by Bill McBride on 2/02/2009 11:09:00 AM
Monday, February 02, 2009
This is a first ... investment in home improvements exceeded investment in new single family structures for the first time ever in Q4 2008 (it was close in Q3).
Residential investment, according to the Bureau of Economic Analysis (BEA), includes new single family structures, multifamily structures, home improvement, broker's commissions, and a few minor categories.
Click on graph for larger image in new window.
This graph shows the various components of RI as a percent of GDP for the last 50 years. The most important components are investment in single family structures followed by home improvement.
Investment in home improvement was at a $170.8 billion Seasonally Adjusted Annual Rate (SAAR) in Q4, above investment in single family structures of $150.2 billion (SAAR) for the first time ever.
Let's take a closer look at these two key components of RI:
As everyone knows, investment in single family structures has fallen off a cliff. This is the component of RI that gets all the media attention - although usually from stories about single family starts and new home sales.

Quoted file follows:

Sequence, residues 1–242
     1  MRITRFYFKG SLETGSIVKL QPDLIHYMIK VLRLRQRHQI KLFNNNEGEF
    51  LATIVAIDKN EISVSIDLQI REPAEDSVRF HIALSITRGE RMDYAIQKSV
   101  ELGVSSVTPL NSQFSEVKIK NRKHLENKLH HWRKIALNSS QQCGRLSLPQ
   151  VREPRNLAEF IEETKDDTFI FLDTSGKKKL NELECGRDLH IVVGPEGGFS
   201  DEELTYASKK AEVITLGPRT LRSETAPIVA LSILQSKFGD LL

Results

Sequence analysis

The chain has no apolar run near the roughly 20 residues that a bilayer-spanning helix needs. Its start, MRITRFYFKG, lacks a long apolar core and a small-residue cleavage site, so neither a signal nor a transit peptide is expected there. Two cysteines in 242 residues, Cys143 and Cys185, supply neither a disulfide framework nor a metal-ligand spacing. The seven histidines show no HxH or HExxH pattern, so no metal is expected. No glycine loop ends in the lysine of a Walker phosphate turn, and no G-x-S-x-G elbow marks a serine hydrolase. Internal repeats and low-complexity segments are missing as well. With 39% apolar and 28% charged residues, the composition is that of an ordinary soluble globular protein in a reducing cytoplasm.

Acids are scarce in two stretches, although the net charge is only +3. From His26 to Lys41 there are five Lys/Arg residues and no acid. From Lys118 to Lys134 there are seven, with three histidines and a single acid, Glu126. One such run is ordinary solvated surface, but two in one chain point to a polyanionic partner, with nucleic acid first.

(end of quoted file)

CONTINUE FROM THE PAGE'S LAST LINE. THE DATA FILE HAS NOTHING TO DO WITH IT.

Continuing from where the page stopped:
Currently investment in single family structures is at 1.05% of GDP, significantly below the average of the last 50 years of 2.35% - and also below the previous record low in 1982 of 1.20%.
But what about home improvement?
The third graph shows home improvement investment as a percent of GDP.
Home improvement is at 1.20% of GDP, off the high of 1.30% in Q4 2005 - but still well above the average of the last 50 years of 1.07%.
This would seem to suggest there remains significant downside risk to home improvement spending over the next couple of years.